One rising method of acquiring real estate in general is seller held financing. This mostly occurs when the home buyers do not have enough money for a down payment.

In regards to appraisal gaps, a seller may be willing to hold a second mortgage loan. Therefore, you do not have to increase your down payment.

However, this method doesn’t always work and will depend on what type of loan you are using such as a conventional loan vs FHA loan.

Appraisal Contingency vs. Appraisal Gap Coverage

Appraisal contingency and appraisal gap coverage are both meant to protect buyers in a real estate purchase agreement.

Appraisal contingency is typically included as part of a standard purchase contract and provides the buyer with the right to reject the contract if the appraised value of the home comes back lower than the agreed-upon purchase price.

In this case, the buyer would not be obligated to proceed with the purchase, and their deposit would be returned.

On the other hand, appraisal gap coverage is language in the purchase contract that binds you to buying the house. You can ask for it to be removed or specify a cap on how much you’re wiling to pay to cover an appraisal gap.

This coverage generally applies when there is no appraisal contingency specified in the contract, so it ensures that even if there is a discrepancy between appraised value and purchase price, buyers are still able to proceed with their purchase without being out of pocket for any difference.

Is An Appraisal Gap Clause and/or Appraisal Gap Coverage Necessary?

Short answer in my opinion… Yes! You should never have to pay the difference that arises with an appraisal gap. At a minimum, the seller should pay the difference with you, i.e. share in the burden.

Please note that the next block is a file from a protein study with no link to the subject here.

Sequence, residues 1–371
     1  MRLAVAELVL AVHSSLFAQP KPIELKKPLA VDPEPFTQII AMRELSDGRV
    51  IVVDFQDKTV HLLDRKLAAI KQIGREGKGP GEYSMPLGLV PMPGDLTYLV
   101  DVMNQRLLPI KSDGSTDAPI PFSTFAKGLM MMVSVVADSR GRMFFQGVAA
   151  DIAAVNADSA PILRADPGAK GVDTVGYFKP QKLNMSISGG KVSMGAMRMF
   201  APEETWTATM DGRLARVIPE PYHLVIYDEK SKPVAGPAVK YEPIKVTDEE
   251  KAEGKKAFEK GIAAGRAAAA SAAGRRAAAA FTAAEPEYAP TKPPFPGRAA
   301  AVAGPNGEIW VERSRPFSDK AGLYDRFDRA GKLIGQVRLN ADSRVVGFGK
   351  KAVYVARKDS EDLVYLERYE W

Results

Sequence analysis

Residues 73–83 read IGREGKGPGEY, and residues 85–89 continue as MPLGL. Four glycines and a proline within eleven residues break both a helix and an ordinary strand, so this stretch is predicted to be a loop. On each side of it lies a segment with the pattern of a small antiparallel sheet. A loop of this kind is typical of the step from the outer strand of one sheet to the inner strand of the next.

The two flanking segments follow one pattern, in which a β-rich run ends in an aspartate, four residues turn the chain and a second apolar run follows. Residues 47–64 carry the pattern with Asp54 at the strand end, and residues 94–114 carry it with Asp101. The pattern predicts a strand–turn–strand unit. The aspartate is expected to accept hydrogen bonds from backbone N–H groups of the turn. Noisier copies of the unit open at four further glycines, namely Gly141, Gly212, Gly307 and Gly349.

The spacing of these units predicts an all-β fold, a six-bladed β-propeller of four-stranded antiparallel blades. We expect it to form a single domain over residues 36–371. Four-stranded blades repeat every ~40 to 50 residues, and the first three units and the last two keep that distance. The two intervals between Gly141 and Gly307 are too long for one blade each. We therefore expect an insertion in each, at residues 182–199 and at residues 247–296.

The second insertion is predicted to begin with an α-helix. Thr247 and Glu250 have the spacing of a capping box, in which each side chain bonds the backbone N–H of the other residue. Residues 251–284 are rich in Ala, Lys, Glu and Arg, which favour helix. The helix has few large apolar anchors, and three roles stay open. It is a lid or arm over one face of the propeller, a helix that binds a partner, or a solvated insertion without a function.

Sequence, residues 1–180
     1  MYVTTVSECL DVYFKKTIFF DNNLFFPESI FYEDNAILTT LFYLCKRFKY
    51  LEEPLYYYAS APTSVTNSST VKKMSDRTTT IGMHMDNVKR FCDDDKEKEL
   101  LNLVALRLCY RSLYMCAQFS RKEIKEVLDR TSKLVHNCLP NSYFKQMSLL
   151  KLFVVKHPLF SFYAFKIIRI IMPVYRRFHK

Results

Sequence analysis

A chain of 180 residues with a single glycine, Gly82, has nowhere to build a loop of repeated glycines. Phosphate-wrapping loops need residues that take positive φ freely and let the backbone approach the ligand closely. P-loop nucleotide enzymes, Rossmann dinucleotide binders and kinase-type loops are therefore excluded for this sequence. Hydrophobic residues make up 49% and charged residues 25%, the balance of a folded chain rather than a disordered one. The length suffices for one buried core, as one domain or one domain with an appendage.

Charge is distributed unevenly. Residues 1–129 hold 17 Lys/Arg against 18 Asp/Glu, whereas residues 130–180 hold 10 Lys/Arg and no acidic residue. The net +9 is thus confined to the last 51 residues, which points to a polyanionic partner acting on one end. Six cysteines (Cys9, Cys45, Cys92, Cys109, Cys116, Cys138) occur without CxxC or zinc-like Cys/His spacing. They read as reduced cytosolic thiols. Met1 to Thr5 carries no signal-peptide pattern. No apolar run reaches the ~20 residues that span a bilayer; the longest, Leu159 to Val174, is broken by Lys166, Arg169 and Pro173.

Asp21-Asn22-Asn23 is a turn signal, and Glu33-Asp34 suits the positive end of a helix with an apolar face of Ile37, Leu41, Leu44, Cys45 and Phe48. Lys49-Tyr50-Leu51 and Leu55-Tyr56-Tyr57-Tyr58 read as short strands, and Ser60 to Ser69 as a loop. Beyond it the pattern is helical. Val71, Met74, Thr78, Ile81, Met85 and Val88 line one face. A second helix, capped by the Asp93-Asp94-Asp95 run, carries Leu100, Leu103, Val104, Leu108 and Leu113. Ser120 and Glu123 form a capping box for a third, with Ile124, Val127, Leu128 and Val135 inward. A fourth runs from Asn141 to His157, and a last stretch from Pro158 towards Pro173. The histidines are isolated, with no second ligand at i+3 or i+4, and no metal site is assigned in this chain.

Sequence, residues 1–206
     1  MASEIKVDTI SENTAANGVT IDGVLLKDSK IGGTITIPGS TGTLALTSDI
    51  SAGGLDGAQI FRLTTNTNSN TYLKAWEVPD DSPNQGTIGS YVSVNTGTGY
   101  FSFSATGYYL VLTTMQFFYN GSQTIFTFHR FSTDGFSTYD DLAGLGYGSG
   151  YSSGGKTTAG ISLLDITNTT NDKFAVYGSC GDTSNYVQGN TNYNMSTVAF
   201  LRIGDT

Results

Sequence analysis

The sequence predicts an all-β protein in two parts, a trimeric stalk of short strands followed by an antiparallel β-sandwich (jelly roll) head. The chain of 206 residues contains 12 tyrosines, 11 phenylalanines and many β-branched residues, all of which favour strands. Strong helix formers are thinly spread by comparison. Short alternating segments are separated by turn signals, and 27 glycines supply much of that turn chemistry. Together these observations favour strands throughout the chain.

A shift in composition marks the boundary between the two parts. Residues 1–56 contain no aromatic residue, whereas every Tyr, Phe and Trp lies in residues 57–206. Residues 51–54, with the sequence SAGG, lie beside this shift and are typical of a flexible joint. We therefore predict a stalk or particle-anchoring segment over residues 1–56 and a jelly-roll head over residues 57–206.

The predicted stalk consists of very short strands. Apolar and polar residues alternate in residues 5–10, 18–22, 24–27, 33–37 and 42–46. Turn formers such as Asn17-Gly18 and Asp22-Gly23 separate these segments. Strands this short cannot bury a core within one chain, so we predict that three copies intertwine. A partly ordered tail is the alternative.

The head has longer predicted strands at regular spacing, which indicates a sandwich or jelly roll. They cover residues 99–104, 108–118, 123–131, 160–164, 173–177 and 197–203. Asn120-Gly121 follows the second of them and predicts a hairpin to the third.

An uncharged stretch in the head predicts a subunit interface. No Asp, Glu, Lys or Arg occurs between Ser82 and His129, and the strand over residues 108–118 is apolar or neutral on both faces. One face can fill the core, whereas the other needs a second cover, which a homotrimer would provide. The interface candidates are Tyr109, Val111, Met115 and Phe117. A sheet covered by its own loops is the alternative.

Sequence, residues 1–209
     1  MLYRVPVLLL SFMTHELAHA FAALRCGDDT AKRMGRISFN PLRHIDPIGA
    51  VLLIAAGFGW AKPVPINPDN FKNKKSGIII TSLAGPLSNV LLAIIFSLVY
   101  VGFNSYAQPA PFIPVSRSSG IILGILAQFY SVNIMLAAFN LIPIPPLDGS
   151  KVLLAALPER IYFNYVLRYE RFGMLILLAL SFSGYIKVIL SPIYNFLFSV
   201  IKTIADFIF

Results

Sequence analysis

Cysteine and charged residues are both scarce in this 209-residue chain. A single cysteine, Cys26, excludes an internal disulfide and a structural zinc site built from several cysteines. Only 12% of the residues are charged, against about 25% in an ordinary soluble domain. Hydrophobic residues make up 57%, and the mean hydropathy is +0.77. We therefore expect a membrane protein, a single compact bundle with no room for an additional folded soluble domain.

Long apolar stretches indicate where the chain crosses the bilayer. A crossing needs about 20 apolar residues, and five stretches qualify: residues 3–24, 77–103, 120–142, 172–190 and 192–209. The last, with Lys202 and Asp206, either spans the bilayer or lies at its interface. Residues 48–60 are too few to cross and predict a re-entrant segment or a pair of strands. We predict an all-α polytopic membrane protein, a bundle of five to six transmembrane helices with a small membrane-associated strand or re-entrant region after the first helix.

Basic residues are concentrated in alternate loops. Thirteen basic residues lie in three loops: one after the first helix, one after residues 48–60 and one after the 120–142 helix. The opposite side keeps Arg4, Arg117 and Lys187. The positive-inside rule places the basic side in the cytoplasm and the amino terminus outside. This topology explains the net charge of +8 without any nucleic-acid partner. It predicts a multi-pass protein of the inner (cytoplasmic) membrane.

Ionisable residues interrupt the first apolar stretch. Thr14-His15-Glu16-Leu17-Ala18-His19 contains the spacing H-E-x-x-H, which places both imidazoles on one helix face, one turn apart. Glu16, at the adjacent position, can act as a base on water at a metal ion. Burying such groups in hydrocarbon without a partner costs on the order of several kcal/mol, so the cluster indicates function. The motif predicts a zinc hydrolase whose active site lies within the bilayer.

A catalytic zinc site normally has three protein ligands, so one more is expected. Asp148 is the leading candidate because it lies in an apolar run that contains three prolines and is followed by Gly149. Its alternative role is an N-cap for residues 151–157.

I’ve never bought a house and would never buy one without appraisal gap coverage or an appraisal gap clauses in the purchase contract.

However, you should do you homework prior to buying a home. Mortgage lenders and your real estate agent should be able to inform you on items such as an appropriate asking price, actual market value expectations or what fair market will be, and what your down payment should be.


Appraisal gap clauses are a great way to protect buyers and sellers from unforeseen circumstances when buying or selling a home.

By offering an appraisal gap coverage policy, buyers can be sure that any loss incurred due to discrepancies between apprised value and purchase price will be covered.

This ensures the buyer is able to proceed with their purchase without being out of pocket for any difference.

It’s important for both parties involved in a real estate transaction to understand all aspects of the agreement, including appraisal contingencies and appraisal gap guarantees, so they know what rights they have if there is ever an unexpected low appraisal.

Joseph Reinke, CFA

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About the Author

Joseph Reinke is a Chartered Financial Analyst (CFA) Charter Holder and founder of FitBUX which has helped over 14,000 young professionals on their journey to financial freedom. Joseph has been personally investing since he was 12 years old.

In addition, he has experience in student loans, mortgages, wealth management, investment banking, valuation, stock trading, and option trading. He has been on 100s of podcast and has been invited to 100s of universities to discuss financial planning with their soon to be graduates.